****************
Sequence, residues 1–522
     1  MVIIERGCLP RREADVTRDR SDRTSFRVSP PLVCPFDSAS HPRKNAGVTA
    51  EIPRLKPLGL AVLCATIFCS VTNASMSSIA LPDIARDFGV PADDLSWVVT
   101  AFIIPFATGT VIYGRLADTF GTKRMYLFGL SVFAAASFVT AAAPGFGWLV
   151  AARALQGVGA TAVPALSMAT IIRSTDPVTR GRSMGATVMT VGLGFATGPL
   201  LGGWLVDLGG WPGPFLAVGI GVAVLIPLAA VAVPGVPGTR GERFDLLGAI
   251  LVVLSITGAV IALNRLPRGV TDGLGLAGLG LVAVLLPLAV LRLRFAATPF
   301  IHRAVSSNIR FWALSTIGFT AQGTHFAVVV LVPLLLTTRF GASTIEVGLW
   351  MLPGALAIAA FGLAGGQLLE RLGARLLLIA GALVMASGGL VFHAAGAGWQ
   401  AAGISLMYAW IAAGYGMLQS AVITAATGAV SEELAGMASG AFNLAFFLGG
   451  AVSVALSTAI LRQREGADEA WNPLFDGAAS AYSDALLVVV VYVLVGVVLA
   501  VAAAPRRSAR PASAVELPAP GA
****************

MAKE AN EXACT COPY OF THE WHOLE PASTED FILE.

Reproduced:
Sequence, residues 1–522
     1  MVIIERGCLP RREADVTRDR SDRTSFRVSP PLVCPFDSAS HPRKNAGVTA
    51  EIPRLKPLGL AVLCATIFCS VTNASMSSIA LPDIARDFGV PADDLSWVVT
   101  AFIIPFATGT VIYGRLADTF GTKRMYLFGL SVFAAASFVT AAAPGFGWLV
   151  AARALQGVGA TAVPALSMAT IIRSTDPVTR GRSMGATVMT VGLGFATGPL
   201  LGGWLVDLGG WPGPFLAVGI GVAVLIPLAA VAVPGVPGTR GERFDLLGAI
   251  LVVLSITGAV IALNRLPRGV TDGLGLAGLG LVAVLLPLAV LRLRFAATPF
   301  IHRAVSSNIR FWALSTIGFT AQGTHFAVVV LVPLLLTTRF GASTIEVGLW
   351  MLPGALAIAA FGLAGGQLLE RLGARLLLIA GALVMASGGL VFHAAGAGWQ
   401  AAGISLMYAW IAAGYGMLQS AVITAATGAV SEELAGMASG AFNLAFFLGG
   451  AVSVALSTAI LRQREGADEA WNPLFDGAAS AYSDALLVVV VYVLVGVVLA
   501  VAAAPRRSAR PASAVELPAP GA